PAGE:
The distinction between intestinal and diffuse types of gastric adenocarcinoma is clinically relevant and may influence treatment strategy [2]. The clinical potential of near infrared Raman spectroscopy for identifying different subtypes of gastric adenocarcinoma was reported by Teh et al. in 2010 [42]. There were significant differences in Raman spectra between normal stomach and the two gastric adenocarcinoma subtypes, particularly in the spectral ranges 850–1150, 1200–1500, and 1600–1750 cm−1, which contain signals related to proteins, nucleic acids and lipids (Figure 7). The predictive accuracies were of 88% with 92%. 94% for normal stomach, intestinal type adenocarcinoma, diffuse type adenocarcinoma, respectively. This result was reproduced by Kawabata et al.’s investigation [47].

3.3. Real Time on Line System

As above investigations presented, Raman spectroscopy is a notable method for understanding precancerous condition and adenocarcinoma in the stomach. However, data-analysis has been mostly performed after obtaining Raman spectrum in off line algorithm establishment before a fully automated on-line Raman spectral diagnostic system was developed for real-time in vivo cancer detection at endoscopy [45]. They tested this system with a total of 2748 in vivo gastric tissue spectra (2465 normal and 283 cancer) from 305 patients [45]. Free-running optical diagnosis and processing time of no more than 0.5 s can be achieved, which is critical to realizing real-time in vivo tissue diagnostics during clinical endoscopic examination [45]. The optimized partial least squares-discriminant analysis (PLS-DA) models based on the randomly resampled training database provide the diagnostic accuracy of 85.6%, sensitivity of 80.5%, and specificity of 86.2% for the detection of gastric cancer. This on-line real time endoscopic Raman spectroscopy definitely opened a door for clinical application.

4. Conclusion

The goal of endoscopic Raman spectroscopy in the stomach is to accurate early diagnosis of gastric cancer which can be under or over diagnosed by conventional methods. Early accurate diagnosis provides a minimally invasive and minimally destructive treatment such as ESD, so the quality of patient is dramatically improved compared with surgical treatment. However, the accurate diagnosis of small obscure lesion is not easy in conventional method including forceps-biopsy. Several investigations demonstrated that adenoma was frequently revealed to be carcinoma after endoscopic resection within the range of 6% to 47% [1820]. This discrepancy between forceps-biopsied specimen and post-resection specimen is inevitable limitation of forceps biopsy due to the lack of specimens [4851]; especially, in the case of ESD, forceps-biopsy number is often significantly limited in order to prevent possible fibrosis that multiple forceps-biopsies can accompany. In this perspective, endoscopic Raman spectroscopy has a substantial potential in several points combined with wide filed technologies.

The most prominent feature of Raman spectroscopy is objective, reliable, and reproducible histologic estimation by molecular analysis making Raman spectroscopy different from other optical biopsy technologies such as confocal endomicroscopy. Confocal endomicroscopy is currently applied in usual clinical practice and produced several results regarding gastric cancer verification [5254]. However, confocal endomicroscopy clearly needs long learning curve for maneuvering an endoscopy and probe to acquire high quality images although training for reading acquired picture may not be difficult [55, 56]. The presence of moving artifacts caused by breathing and heart beat disturb obtaining high quality images. Furthermore, there are similar problems that lurk in pathologic evaluation; interobserver discrepancy. Contrasting to other optical biopsy technologies, Raman spectroscopy automatically analyze the summation of specific molecular components in a target tissue and provide objective and reproducible diagnostic value through complicated algorithms [26, 30, 39, 41, 44, 45, 47]. This is a significant edge of Raman spectroscopy, which enables us to evade inter- and intra-observer discrepancies and to make consistent therapeutic plans for patients with same disease.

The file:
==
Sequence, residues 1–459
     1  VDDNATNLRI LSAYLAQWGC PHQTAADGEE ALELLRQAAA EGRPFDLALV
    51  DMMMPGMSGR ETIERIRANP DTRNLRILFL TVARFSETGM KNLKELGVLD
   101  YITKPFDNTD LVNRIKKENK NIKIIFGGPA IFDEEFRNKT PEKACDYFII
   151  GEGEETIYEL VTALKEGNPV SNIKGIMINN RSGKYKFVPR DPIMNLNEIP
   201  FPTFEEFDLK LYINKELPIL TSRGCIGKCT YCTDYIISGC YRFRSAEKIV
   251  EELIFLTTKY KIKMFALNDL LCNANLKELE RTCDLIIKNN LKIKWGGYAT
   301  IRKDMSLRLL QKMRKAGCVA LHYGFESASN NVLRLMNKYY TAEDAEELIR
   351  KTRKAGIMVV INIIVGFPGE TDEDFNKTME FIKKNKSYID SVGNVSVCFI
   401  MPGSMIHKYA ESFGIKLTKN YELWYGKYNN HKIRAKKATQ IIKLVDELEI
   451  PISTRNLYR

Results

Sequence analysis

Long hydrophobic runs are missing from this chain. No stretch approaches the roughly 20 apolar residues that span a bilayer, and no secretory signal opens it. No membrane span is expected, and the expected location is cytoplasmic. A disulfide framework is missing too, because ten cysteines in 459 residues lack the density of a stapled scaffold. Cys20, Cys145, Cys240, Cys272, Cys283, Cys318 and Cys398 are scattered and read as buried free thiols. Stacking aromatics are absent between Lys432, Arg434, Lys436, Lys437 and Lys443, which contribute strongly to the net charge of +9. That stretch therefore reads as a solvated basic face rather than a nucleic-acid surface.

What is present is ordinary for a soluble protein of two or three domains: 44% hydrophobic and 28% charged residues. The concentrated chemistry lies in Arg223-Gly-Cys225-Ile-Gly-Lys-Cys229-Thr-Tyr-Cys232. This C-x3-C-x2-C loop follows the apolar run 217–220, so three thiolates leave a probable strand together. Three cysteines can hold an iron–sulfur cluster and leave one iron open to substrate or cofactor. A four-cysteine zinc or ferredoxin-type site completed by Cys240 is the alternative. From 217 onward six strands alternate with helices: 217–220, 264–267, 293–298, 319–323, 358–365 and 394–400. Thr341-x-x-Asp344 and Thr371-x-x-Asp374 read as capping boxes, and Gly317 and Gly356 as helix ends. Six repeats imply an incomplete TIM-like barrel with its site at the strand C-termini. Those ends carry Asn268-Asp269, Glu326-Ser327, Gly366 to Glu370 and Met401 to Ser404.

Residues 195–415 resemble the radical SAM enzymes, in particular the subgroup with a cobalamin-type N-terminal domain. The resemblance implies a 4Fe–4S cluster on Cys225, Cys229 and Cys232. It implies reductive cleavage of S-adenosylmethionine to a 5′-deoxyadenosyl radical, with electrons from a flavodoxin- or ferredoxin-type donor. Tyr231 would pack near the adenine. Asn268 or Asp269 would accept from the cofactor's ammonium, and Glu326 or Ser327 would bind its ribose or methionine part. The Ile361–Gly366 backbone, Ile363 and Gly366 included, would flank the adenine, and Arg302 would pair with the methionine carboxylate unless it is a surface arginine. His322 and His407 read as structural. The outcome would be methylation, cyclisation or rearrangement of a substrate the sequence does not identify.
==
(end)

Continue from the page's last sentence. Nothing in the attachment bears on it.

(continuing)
There are also limitations in Raman spectroscopy. First, Raman spectroscopy only identifies molecular features. Thus if two molecules have the same molecular features, they may be indistinguishable from each other, for instance, arachidonic acid and eicosapentaenoic acid. Second, fluorescence of impurities or of the sample itself can hide the Raman spectrum. Third, sample heating through the intense laser radiation can destroy the sample or cover the Raman spectrum.

Adding to diagnosing disease, Raman spectroscopy can be applied for understanding the margin of the cancer for obtaining the ideal resection area also. Following ESD, Raman spectroscopy can scan healed ulcer to confirm no cancer recurrence, especially when hypertrophic scar is noticed. This technology can guide accurate target biopsy instead of multiple forceps-biopsies. Furthermore, small erosions, frequently observed in elderly patients with anticoagulation therapy, might be easily elucidated with Raman spectroscopy without forceps-biopsy. For these applications, many prospective investigations would be necessary to verify its capability. Increased accuracy with developing updated algorithms and developing on-line real time automatic analysis system clearly opened a way to apply Raman spectroscopy for clinicians. Raman spectroscopy is expected to provide us with accurate, objective, and reliable diagnosis and may have potential to replace multiple forceps biopsies.

Conflict of Interests

The author declares that he has no conflict of interests.


This research was supported by Basic Science Research Program through the National Research Foundation of Korea (NRF) funded by the Ministry of Science, ICT and Future Planning (NRF-2013R1A1A1009682). The author appreciates Professor Kenshi Yao and Dr. Noriya Uedo for guidance to the world of image anaylsis.


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Copyright © 2015 Hyung Hun Kim. This is an open access article distributed under the Creative Commons Attribution License, which permits unrestricted use, distribution, and reproduction in any medium, provided the original work is properly cited.